DUNCAN JOHNSON  1938 -2018

Born on 17th August 1938, in Toronto Canada, Duncan Johnson, had several jobs before joining a small radio station and learning broadcasting basics. When he moved to CJOC in Lethbridge, Alberta, he sent a tape of one of his shows to a friend who was working on a radio station in Bermuda. It resulted in job and a year and a half stay in Bermuda.

Duncan came to England in August 1963, to visit relatives, and ended up staying.

He did some voice-over work, for Radio Luxembourg among others, compered gigs including a Screaming Lord Sutch tour, until he managed to get a job with Radio London. He joined on 1st February 1965, filling in for whoever was on shore leave, and later reading news and presenting a late show "London after midnight". He left to work for the BBC, in 1966, and was one of the deejays on BBC Radio 1 when it started in 1967.

Like a number of disc jockeys, in 1968, he made a record - The Big Architect, which had the distinction of being voted one of the "Worlds Worst Records", on Kenny Everett's Capital radio show, some years later.

Duncan returned offshore in April 1970 to Radio Northsea International, staying for a few months, before moving on to Radio Luxembourg. He then worked for  BBC Radio London, Capital Radio London and Invicta Radio, then spending the rest of his career as finance controller for an ad' agency. He retired in June 2004, and moved to Brinsworth House, a retirement home for show business people.

Duncan had suffered from Parkinson's Disease and passed away, at West Middlesex Hospital, on 11th October 2018, aged 80.




During the production of the Jumbo Records documentary album The Wonderful Radio London Story, Ray Anderson met Duncan Johnson and interviewed him for the documentary album.


Full version of this interview was published in OEM 122

For OEM subscribers it can be found in HERE.



What was your first radio in the UK?
Well I didn't do any radio, I did a few voice-overs for overseas, for Radio Luxembourg and companies using Radio Luxembourg and Gambia and places, Nigeria and places like that. In November 1964 I read about Radio London in the Daily Mail and I thought, "Now I must find out about this". So I phoned the PR Company and they put me onto the telephone number and I got onto Ben Toney, Radio London's Texan programme controller. I went to see him and he said, "have you got a tape?" I said "well only an old tape of some commercials I made in Bermuda, there's only three commercials on it and they're very similar" and he said, "That'll do for me". I gave him the tape and heard no more from him for months and then I was working on a movie set doing extras and just gofers and doing everything like that, I rang up Ben Toney when this all finished, when the movie finished, and said I'd like to come and see you" and he said "no, I'd like you to come and see me, can you be here at twelve o'clock?". He said I'd like you to meet Philip Birch". Philip Birch shook my hand and said "welcome aboard" he said "I'm glad to see a nice looking, clean cut chap like yourself has come in to join us because there's some funny looking people around here" meaning Kenny Everett and Tony Windsor and Paul Kaye, who I didn't know at the time. Then he walked out, turned around and walked out again and I looked at Toney and I said "what's that mean?" and he said "well you start tomorrow" That was it, I got there and got on the late tender which was six hours late which wasn't unusual at that time of year, got on board the ship, Radio London, the MV Galaxy, and couldn't get off if I wanted to for three weeks because of the bad weather. And that's how my radio experience started.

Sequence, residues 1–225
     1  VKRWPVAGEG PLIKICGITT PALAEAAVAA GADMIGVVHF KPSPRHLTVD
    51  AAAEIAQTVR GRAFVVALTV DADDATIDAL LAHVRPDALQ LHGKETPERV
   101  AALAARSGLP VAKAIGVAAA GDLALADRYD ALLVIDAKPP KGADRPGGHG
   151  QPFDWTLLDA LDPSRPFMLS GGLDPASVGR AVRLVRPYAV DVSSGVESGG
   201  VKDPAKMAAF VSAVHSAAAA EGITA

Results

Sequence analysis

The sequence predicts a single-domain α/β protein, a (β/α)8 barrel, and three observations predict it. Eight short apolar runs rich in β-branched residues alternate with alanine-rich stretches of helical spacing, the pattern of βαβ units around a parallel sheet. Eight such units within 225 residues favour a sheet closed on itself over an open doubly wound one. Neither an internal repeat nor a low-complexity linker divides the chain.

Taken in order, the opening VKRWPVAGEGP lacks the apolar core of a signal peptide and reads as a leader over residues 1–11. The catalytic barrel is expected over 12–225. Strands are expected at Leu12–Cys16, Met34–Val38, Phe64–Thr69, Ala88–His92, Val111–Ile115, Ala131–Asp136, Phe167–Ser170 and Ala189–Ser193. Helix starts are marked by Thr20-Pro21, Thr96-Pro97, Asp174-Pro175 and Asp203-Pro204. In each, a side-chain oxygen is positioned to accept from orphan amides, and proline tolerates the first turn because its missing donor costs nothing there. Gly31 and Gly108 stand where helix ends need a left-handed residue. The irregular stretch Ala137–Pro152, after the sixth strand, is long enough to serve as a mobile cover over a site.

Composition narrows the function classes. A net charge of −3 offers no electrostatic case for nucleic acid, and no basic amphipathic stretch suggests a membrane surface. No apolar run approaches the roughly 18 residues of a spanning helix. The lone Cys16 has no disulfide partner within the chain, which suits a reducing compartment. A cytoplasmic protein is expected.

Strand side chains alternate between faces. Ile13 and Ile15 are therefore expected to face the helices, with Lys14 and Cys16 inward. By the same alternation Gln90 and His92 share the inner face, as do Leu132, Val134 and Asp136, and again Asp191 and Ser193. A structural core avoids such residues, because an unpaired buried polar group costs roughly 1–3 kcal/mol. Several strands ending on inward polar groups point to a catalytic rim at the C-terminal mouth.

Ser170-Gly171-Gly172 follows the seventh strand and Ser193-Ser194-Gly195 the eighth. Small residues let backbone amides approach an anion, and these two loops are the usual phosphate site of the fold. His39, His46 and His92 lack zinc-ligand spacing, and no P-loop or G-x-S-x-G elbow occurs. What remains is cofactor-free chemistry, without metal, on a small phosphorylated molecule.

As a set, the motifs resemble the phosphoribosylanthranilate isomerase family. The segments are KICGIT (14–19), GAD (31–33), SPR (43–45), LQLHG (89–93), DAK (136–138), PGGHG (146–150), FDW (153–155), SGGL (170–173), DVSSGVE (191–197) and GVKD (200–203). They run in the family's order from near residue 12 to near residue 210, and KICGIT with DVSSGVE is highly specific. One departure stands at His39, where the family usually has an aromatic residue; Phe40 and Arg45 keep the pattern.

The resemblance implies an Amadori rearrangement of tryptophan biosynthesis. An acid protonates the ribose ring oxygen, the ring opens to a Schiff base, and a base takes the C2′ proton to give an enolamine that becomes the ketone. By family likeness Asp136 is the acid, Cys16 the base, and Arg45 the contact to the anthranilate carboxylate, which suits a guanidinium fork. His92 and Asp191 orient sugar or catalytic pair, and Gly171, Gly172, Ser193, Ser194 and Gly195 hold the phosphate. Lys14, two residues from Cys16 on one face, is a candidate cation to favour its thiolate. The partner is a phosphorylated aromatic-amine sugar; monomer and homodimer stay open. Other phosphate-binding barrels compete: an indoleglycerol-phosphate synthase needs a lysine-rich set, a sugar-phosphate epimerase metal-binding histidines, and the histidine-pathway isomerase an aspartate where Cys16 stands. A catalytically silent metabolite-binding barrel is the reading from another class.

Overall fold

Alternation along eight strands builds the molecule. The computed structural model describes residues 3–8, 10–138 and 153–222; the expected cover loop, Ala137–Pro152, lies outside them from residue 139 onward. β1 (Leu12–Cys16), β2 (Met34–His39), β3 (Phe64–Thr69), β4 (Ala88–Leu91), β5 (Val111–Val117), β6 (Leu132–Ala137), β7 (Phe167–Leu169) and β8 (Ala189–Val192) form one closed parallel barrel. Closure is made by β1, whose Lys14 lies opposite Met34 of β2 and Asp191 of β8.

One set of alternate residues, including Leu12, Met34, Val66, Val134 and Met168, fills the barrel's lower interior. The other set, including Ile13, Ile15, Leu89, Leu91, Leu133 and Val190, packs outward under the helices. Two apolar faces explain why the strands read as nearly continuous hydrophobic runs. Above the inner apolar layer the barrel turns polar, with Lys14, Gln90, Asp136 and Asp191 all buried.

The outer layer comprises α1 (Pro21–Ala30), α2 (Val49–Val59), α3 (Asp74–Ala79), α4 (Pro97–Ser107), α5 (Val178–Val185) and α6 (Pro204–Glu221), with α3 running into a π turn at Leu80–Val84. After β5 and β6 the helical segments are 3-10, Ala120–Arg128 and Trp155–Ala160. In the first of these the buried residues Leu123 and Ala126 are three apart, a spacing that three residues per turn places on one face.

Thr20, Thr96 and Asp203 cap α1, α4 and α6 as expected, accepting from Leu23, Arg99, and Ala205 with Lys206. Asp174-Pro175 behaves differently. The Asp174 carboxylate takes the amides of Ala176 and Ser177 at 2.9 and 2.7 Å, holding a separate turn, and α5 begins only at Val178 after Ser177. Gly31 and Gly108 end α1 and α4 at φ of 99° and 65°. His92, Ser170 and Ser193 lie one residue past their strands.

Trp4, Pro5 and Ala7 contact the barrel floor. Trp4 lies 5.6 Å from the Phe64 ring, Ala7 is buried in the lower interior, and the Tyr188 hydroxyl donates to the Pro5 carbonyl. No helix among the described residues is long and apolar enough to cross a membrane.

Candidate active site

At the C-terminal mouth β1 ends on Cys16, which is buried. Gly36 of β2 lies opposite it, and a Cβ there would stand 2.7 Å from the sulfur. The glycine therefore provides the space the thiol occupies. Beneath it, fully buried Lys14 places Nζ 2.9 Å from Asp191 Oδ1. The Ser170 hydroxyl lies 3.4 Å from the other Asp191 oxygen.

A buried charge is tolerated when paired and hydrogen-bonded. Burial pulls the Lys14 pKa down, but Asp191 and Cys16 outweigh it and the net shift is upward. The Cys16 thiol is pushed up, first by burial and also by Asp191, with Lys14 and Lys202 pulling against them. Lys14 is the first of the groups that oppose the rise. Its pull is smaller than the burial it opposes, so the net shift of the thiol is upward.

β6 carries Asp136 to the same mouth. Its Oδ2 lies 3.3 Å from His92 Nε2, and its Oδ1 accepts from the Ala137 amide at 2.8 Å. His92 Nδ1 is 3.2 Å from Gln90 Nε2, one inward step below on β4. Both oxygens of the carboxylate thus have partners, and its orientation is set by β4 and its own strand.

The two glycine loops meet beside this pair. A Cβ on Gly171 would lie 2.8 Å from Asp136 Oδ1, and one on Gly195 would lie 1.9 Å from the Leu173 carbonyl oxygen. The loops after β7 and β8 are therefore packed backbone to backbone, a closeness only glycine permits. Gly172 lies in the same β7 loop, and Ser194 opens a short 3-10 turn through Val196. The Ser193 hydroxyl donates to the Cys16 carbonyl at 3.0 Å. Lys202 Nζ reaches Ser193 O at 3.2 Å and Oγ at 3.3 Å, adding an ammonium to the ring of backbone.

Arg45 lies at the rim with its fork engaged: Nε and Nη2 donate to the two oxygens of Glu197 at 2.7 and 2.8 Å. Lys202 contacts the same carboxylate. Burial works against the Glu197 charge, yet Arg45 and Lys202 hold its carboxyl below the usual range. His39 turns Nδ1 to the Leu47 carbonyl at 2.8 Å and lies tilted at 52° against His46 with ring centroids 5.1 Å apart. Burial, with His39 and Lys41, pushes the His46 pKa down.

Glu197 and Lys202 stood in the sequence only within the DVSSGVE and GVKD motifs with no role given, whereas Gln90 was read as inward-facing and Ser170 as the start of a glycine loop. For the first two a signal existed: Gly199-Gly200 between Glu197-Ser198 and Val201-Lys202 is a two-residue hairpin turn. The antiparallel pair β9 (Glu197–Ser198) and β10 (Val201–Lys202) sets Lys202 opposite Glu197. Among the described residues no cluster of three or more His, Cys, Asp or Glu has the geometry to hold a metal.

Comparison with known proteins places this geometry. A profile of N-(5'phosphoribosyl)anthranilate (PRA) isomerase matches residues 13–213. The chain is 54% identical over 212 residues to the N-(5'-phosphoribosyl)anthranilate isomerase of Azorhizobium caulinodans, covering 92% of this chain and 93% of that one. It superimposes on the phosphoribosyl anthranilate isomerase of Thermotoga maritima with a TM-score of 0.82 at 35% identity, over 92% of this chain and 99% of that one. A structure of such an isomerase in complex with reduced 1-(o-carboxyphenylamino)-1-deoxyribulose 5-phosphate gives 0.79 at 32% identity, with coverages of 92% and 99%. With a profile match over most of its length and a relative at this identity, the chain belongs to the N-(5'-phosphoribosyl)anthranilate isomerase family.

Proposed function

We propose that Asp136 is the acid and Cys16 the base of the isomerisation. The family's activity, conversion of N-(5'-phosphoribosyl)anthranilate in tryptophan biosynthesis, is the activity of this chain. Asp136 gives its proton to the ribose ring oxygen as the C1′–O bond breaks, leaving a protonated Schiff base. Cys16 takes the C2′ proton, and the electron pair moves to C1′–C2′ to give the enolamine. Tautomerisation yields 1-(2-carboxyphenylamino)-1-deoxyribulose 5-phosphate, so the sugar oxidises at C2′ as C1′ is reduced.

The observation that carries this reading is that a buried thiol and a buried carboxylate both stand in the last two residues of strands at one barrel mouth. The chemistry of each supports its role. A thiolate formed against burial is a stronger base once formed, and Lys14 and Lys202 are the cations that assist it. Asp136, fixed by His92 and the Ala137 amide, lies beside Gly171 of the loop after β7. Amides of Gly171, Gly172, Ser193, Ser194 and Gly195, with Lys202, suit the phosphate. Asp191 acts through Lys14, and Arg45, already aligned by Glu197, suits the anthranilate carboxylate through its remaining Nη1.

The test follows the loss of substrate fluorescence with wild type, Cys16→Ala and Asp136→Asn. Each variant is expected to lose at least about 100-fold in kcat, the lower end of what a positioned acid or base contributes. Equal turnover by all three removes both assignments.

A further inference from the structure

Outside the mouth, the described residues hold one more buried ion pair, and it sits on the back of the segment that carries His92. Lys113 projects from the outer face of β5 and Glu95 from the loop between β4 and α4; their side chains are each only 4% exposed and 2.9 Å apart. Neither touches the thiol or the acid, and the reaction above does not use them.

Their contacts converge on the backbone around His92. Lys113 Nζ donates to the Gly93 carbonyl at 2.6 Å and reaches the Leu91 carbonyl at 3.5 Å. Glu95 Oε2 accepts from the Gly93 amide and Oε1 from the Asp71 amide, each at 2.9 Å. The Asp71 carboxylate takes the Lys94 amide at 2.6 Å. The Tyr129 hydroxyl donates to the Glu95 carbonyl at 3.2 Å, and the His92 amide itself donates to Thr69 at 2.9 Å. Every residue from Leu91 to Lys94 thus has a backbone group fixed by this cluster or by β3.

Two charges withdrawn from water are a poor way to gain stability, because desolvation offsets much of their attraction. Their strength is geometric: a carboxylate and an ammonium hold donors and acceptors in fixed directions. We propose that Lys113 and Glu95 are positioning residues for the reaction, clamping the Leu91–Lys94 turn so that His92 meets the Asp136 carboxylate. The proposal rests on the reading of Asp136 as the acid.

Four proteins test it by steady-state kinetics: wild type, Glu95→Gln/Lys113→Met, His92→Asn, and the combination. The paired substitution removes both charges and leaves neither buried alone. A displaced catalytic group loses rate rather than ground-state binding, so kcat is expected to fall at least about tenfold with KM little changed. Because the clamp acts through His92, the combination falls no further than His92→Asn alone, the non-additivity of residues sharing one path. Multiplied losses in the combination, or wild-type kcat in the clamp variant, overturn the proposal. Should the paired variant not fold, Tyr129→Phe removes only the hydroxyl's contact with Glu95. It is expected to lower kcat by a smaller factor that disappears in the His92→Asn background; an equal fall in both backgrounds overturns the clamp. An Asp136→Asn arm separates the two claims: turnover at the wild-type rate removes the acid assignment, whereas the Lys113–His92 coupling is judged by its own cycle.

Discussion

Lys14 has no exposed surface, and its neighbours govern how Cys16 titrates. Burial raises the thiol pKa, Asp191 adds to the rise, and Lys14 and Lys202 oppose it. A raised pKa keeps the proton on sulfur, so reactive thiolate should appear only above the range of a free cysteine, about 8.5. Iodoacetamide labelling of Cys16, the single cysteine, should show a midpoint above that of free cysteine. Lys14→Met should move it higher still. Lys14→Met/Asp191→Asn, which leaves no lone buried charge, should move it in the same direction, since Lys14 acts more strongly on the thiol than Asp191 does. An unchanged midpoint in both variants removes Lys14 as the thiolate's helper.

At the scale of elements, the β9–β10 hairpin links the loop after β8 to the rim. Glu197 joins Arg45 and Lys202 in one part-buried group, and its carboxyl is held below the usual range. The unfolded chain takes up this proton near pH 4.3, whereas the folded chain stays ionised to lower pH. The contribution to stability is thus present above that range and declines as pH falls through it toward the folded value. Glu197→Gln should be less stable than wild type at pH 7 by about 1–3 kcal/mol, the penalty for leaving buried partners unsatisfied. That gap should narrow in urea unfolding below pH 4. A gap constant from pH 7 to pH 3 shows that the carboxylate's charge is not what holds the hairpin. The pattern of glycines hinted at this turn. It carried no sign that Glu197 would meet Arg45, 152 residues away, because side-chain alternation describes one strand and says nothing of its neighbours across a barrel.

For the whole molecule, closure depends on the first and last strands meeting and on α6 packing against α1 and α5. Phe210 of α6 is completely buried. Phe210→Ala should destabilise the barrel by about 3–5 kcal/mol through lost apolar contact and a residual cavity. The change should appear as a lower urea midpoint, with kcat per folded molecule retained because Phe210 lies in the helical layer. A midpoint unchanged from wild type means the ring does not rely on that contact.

What do you remember about going on board? The ship wasn't very comfortable in the early days I understand.
Well, having met the tender coming off and a very cold looking Tony Windsor coming off the ship who wasn't the least bit interested in seeing me or meeting me as a new person going on and a couple of others who looked a bit blue around the gills. I arrived on the ship and he said "be careful where you walk because some oil drums have split in the storm and spread oil all over and you might slip and slide off ", I then said "oh, that's fine, I can handle that" I never get sea-sick but it did shake around a little bit. The next day was even worse. There was a Captain on called Captain Vinegar who spoke very good English and I went to complain and I said I wanted a life jacket because the sea was so rough. I thought it was going to be dangerous, he said "come with me" and we went up to the steering deck up to the top, he said "see that gauge there?" and everything was kicking around banging and clunking and making noises, he said "see that gauge there? It's gone 25 degrees that side hasn't it?" as the ship rolled over, I said "yes" he said "now look at that" he said it's only going 15, it has to go 25 both ways before the ship will turn over". He said "now come downstairs and have a drink with me because you can't have a life jacket, there aren't enough to go around". So I started off on what became a very good relationship with the Captain because whenever I wanted anything he took me in and gave me another drink of sloe gin. So we got on very well together.